Wednesday, October 13, 2010

Movies seen recently

People keep emailing me and saying that I should update my blog more often. I swear, I keep meaning to. I have some lengthy posts in preparation. But in the meantime, here are some movies I have seen recently.

A Single Man (2009)

This movie was flat-out brilliant. Anchored by a sublime lead performance from Colin Firth, it tells the story of a man who, eight months after the death of the love of his life, has decided to end it all. Which sounds like the movie should be downbeat and depressing, but in fact it is exactly the opposite. A Single Man celebrates life in its every frame. It's based on a novel by Christopher Isherwood, which I am going to have to read.

It was very hard to believe that this was co-writer/director Tom Ford's first movie. Almost everything about it is confident and assured. I've never been particularly impressed by Firth in the past, but he is just spectacular here. It's amazing how deep inside the lead character's head we get - something that's very difficult to do in film. Ford and Firth deserve major awards for their accomplishments here. The supporting cast (including Julianne Moore, Nicholas Hoult and Matthew Goode) are uniformly excellent, the movie looks gorgeous, the music is swooning and beautiful. You should see this movie, and someone should fund Tom Ford to make more (he apparently paid for this one out of his own pocket).

This is not Firth with the love of his life, but with his best friend

Slipstream (2007)

Anthony Hopkins wrote, directed, scored and starred in this movie. It is baffling. It involves a scriptwriter whose movie seems to be taking on a life of its own. Or maybe he's dead and the whole movie is his life flashing past his eyes. Or maybe he's come "unstuck in time" like Billy Pilgrim in Kurt Vonnegut's Slaughterhouse 5. Or maybe something else - I don't know.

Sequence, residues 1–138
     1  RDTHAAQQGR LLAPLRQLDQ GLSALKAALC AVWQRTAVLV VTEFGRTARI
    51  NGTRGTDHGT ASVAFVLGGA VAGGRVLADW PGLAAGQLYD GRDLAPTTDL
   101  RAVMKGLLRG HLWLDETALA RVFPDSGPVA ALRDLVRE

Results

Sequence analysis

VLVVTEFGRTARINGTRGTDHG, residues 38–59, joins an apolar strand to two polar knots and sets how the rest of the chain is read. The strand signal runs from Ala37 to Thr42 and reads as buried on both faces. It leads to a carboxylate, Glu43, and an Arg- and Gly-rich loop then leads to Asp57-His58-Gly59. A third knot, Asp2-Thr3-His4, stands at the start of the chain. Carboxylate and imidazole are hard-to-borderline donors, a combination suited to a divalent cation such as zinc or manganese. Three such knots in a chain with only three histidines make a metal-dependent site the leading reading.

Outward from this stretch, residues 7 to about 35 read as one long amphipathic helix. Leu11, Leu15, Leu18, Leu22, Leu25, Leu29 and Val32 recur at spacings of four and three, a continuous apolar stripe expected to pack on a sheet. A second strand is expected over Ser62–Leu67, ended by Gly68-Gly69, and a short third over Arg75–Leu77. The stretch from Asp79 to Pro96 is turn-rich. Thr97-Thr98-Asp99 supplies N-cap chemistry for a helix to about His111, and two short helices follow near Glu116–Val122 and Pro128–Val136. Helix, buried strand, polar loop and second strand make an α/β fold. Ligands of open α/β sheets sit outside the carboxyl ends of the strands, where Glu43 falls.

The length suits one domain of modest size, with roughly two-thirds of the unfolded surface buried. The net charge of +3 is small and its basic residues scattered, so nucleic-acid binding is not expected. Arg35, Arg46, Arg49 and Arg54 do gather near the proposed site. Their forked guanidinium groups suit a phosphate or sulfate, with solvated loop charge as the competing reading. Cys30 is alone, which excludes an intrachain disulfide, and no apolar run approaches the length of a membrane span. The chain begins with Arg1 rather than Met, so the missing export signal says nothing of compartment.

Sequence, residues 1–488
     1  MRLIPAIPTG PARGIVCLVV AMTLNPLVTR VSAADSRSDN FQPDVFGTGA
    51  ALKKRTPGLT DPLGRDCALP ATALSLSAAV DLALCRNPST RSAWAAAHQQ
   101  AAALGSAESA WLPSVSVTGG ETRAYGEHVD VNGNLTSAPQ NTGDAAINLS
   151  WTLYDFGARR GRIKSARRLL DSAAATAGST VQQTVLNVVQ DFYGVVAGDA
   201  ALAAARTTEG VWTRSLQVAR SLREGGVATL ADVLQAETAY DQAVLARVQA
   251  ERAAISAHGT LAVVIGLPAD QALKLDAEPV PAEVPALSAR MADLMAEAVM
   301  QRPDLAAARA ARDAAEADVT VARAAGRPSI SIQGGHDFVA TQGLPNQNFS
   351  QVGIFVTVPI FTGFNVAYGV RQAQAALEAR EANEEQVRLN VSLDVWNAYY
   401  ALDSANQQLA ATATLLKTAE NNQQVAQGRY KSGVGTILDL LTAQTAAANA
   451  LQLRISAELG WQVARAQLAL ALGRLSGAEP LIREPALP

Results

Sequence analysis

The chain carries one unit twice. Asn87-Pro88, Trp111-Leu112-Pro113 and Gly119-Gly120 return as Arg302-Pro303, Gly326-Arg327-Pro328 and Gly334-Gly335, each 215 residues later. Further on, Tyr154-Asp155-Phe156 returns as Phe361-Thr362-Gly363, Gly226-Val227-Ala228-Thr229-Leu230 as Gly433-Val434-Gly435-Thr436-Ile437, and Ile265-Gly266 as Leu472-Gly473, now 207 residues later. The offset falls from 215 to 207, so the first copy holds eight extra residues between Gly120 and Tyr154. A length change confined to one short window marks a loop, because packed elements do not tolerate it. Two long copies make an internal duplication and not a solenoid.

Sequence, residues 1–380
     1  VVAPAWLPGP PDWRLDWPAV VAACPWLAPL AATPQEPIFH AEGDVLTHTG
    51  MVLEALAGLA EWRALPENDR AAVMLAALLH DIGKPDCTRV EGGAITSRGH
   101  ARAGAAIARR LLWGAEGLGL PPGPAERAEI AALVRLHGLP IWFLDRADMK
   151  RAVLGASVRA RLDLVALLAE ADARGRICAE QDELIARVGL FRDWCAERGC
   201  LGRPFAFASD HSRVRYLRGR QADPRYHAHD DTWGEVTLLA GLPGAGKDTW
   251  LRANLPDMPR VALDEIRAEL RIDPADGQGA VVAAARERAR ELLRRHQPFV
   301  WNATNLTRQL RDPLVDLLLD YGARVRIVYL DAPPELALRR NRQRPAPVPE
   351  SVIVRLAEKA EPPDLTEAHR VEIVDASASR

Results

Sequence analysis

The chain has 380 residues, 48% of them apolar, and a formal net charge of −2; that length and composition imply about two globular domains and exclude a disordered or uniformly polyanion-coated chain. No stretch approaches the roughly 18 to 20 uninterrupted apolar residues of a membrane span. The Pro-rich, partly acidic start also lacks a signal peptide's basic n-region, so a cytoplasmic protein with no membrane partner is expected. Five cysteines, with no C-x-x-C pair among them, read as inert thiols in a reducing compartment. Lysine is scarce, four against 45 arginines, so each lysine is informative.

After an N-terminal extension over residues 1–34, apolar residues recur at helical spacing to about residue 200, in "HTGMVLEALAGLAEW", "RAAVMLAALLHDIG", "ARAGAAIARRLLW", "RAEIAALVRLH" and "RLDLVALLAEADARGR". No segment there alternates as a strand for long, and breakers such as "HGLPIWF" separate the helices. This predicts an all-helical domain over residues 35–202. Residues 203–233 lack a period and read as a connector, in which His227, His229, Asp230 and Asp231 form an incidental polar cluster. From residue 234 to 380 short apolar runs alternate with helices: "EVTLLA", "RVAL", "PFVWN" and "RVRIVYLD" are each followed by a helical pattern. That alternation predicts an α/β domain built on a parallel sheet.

It's nightmarish, funny, clever, and completely weird. If this is a peek into Hopkins's mind, then he is clearly a very strange man.

I don't actually remember this bit

Kingdom of Heaven - director's cut (2004)

Ridley Scott's movie about the Crusades is very nearly a masterpiece. It's only significant flaw is the miscasting of its lead character; Orlando Bloom is just not convincing as a charismatic leader. It's easy to see why, as Robert Fisk reported, this movie was cheered in Lebanon; this is far from the sort of jingoistic racist crap you'd probably expect from a Hollywood Christians vs. Muslims movie made in the wake of 9/11. A superb supporting cast, rousing battle scenes and plenty of Ridley Scott's trademark gorgeous visuals are the icing on the cake.

This is a movie where surrender can be noble, and people are more important than ideals. If only it had starred someone more impressive - Edward Norton, in a small role as the King of Jerusalem, manages to be a far more inspiring presence despite playing a character with leprosy who is swathed in bandages and keeps a silver mask over his face.

This is Edward Norton